Norway - Mobile phones and wireless networks: No evidence of health risk found
There is no scientific evidence that low-level electromagnetic field exposure from mobile phones and other transmitting devices causes adverse health effects, according to a report presented by a Norwegian /Swedish Expert Committee.
The report published by the Norwegian Institute of Public Health states
"The health authorities have determined that the threshold limit values for electromagnetic fields around transmitters in mobile phones and other equipment should be the same as those recommended by the International Commission on Non-ionising Radiation Protection (ICNIRP). The threshold limit values are based on fields above a certain power that can cause harmful heating of tissue. The ICNIRP has not observed other adverse health effects under this level.
The threshold limit values for these fields are 50 times below the level that causes heating of human tissue or stimulation of nerve cells.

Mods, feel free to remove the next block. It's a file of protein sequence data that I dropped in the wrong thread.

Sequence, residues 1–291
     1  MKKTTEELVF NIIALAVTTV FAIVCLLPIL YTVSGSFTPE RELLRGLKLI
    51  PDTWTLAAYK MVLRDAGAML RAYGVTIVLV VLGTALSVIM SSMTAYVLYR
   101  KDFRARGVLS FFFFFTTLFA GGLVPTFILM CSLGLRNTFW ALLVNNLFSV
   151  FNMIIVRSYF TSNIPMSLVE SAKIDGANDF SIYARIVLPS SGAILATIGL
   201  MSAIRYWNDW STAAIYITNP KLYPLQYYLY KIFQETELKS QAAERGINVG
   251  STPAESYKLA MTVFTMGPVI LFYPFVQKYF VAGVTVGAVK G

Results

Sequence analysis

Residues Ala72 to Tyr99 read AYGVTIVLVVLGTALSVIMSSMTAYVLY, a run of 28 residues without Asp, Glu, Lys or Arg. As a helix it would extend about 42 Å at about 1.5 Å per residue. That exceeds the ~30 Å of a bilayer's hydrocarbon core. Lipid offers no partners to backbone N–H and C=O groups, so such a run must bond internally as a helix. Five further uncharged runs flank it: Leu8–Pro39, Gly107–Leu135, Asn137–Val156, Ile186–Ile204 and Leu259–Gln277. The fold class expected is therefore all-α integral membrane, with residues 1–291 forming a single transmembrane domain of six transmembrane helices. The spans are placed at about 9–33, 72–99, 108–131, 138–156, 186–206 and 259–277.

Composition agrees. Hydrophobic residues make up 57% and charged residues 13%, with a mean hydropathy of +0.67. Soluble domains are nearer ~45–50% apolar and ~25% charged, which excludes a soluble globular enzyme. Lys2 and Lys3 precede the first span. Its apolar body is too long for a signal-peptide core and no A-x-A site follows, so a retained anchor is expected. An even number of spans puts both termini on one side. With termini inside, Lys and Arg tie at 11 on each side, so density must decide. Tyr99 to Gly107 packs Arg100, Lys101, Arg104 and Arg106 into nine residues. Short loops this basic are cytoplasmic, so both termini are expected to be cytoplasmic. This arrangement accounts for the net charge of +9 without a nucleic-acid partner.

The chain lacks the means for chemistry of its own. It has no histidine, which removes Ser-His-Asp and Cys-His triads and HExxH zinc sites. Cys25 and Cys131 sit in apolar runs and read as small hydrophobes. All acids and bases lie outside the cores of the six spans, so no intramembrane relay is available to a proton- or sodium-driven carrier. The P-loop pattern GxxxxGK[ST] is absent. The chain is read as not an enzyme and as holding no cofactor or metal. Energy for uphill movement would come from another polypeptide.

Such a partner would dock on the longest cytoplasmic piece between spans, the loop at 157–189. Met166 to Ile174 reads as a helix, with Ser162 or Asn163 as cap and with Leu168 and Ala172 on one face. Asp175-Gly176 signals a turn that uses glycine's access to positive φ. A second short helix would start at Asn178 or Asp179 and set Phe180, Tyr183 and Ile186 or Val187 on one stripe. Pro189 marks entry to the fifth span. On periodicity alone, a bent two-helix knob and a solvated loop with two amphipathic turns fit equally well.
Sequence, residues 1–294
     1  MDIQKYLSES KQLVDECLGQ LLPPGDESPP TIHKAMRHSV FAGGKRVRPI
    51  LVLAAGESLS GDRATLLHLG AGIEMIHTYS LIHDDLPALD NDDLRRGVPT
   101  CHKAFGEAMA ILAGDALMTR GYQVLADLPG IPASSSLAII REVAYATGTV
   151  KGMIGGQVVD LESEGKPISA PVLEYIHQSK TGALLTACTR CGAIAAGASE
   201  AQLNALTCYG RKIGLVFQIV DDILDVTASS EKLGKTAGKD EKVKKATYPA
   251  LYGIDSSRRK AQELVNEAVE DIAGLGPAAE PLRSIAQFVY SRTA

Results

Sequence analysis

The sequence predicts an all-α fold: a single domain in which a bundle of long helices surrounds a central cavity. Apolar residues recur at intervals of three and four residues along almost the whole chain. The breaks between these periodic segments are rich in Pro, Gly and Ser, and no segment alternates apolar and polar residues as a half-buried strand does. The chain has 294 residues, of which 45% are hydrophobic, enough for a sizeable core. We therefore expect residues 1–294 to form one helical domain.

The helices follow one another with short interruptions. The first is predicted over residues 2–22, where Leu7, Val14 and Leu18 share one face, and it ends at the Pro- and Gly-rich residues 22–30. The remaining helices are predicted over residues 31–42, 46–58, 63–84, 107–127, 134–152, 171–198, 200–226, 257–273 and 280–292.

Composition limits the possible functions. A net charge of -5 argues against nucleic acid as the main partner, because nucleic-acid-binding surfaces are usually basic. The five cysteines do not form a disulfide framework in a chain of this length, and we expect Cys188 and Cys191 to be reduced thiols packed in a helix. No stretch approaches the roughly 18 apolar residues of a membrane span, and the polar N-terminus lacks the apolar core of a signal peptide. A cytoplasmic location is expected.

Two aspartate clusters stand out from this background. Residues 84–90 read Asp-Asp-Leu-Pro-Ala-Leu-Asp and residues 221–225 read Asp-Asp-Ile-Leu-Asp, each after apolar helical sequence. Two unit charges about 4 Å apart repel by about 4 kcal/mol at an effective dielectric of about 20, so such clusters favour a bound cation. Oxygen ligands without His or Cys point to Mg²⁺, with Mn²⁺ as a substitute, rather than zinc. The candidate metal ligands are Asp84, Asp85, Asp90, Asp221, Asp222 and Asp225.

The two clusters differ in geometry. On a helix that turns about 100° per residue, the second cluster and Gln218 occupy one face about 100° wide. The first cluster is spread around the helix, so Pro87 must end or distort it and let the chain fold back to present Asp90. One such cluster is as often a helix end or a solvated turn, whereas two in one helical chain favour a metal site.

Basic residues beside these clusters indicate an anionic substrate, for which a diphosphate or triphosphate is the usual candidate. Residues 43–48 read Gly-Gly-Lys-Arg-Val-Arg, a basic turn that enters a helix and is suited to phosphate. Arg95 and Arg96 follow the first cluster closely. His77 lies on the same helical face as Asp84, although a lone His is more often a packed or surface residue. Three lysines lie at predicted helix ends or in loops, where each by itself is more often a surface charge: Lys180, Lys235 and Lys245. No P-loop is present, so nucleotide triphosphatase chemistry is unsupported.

The Norwegian Institute of Public Health was commissioned to appoint the Expert Committee by the Ministry of Health and Care Services and the Ministry of Transport and Communication. The Committee was chaired by Professor Jan Alexander, Assistant Director-General at the Institute. The Committee has assessed a number of possible health effects from low-level electromagnetic fields and has evaluated the research in each area.
The group found no evidence that the low-level fields around mobile phones and other transmitters increase the risk of cancer, impair male fertility, cause other reproductive damage or lead to other diseases and adverse health effects, such as changes to the endocrine and immune systems."